ESD News

ESD 101: Are You Equipped for Basic Protection?

by Julie S. on August 24, 2015

ESD 101--Are You Equipped for Basic ProtectionHow do you manage static? First and foremost your workstation must limit electrostatic voltages and ESD (electrostatic discharge) or it’s not doing its job. Begin by grounding all work surfaces, people and equipment to the same electrical ground point or “common point ground.”

You can take a variety of precautions to limit risk to sensitive devices, but depending on your situation, they may not all be necessary. For example, what about your personnel? Are they stationary or mobile? What’s mandatory or suggested for one may be optional for the other.

As you design your unique ESD workstation, you’ll need to weigh the relevant factors; however, the following list of equipment is common and generally standard for basic ESD protection:

  • Table Mat
  • Floor Mat and Ground Cord
  • Wrist Band and Coil Cord Set
  • Heel Grounders
  • Constant Monitors
  • ESD Jackets
  • ESD Equipment Testers
  • Air Ionizers

How does your ESD protection program measure up? If it’s getting a mediocre or failing grade, don’t worry; you don’t have to go back to school. The ESD Association can help you implement standards into your day-to-day operations.

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How Often Should You Test Your Wrist Strap SystemWhen do you measure your wrist strap’s resistance? At the beginning of your shift?  What about re-testing after breaks or before you’re allowed to enter the ESD Protected Area (EPA)?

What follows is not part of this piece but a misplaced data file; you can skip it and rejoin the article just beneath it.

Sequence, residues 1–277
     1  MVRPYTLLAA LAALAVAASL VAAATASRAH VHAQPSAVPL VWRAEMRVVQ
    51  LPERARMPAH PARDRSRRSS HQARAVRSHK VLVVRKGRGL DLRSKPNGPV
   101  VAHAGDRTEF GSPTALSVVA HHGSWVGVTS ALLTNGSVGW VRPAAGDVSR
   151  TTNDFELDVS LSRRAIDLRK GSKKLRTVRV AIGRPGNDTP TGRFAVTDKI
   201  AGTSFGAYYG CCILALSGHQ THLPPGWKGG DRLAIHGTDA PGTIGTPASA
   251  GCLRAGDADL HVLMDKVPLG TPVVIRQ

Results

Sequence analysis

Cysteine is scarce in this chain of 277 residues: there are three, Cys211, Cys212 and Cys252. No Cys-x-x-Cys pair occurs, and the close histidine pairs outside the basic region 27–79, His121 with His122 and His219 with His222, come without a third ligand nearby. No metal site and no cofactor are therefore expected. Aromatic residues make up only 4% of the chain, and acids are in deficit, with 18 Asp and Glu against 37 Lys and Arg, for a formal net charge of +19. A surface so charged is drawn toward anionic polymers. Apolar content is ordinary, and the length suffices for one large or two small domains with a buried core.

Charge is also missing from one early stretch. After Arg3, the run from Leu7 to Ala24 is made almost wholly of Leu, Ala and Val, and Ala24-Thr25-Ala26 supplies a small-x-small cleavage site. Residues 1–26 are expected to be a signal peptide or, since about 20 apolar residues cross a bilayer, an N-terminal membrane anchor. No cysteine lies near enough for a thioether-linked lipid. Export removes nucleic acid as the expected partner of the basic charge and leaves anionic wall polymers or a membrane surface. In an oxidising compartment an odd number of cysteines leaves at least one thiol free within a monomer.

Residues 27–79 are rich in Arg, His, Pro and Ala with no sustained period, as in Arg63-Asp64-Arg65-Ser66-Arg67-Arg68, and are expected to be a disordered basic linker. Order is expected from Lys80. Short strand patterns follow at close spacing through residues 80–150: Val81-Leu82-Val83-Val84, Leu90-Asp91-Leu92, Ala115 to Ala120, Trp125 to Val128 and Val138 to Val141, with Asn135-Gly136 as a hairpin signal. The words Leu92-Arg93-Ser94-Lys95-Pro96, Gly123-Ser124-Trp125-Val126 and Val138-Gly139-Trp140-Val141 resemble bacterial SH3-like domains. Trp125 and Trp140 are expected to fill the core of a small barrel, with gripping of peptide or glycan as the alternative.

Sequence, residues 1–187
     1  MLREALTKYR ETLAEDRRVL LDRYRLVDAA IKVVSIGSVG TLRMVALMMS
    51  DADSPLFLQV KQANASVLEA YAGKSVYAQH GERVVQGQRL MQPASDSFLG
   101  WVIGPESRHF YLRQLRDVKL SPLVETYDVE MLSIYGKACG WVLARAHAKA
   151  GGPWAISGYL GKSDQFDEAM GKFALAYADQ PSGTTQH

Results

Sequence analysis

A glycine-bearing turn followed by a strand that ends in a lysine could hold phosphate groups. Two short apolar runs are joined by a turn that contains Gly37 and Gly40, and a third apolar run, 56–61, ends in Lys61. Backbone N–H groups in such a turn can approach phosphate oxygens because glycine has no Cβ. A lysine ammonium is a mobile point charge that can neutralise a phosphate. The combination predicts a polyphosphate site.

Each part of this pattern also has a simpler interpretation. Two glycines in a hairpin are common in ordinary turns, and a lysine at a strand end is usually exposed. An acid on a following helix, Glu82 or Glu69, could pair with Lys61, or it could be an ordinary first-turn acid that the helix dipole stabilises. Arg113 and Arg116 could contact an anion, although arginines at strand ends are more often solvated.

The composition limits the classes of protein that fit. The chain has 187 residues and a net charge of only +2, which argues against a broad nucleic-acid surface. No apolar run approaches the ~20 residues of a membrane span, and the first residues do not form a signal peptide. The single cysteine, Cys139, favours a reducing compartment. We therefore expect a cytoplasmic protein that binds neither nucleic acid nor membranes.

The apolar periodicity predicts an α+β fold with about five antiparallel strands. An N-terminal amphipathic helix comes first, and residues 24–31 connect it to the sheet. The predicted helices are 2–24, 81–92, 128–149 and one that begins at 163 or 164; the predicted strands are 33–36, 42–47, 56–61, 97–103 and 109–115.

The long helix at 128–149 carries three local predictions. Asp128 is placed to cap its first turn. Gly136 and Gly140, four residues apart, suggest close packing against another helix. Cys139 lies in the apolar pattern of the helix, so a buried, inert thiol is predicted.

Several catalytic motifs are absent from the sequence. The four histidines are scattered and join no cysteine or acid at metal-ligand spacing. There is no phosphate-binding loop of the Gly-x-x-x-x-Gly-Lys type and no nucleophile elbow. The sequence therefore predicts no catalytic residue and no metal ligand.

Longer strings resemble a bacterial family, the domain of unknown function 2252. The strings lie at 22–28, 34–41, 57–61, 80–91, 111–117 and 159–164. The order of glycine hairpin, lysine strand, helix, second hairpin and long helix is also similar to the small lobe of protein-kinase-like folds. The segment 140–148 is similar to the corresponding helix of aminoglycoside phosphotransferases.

Your company probably has established protocols in place for wrist strap testing, but at some point while handling ESD sensitive devices, your wrist strap system will fail.

And, when this happens it’s always hard to determine exactly when the failure took place and how much product is at risk. If you’re resistant to continuous monitoring systems, here are a few reasons why you should consider integrating them into your daily operations:

  • When there’s a problem, constant monitors notify operators immediately, so no product is handled until the problem is resolved.
  • They eliminate the possibility of a functional wrist strap but a defective ground attachment because the systems monitor the wrist straps on the premises.
  • You won’t need to record and store test results anymore.
  • Some systems also monitor the connection from the work surface to ground.

You are also likely to see long-term cost savings from constant monitoring due to lower rejection rates of devices. So, all in all, today’s wrist strap monitoring doesn’t have to be a constant struggle.

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Serve Up Better, Scratch-Made Goodness with Conductive Blow Molded CasesIt’s always better when you make it from scratch. It’s always exactly like you want it because you create it. The same goes for scratch-made Conductive Blow Molded Cases from CCI.

CCIs tailor-made approach to ESD-safe packaging means your expensive circuit boards are protected to the nth degree. Custom thermoformed and foam interiors cushion components to exacting specifications.

These cases stack up to high-pressure situations, so you’ll never sweat over their stability. They’re built to withstand immense physical pressure. Double wall construction ensures durability over and over again, and a secure closure cinches the case!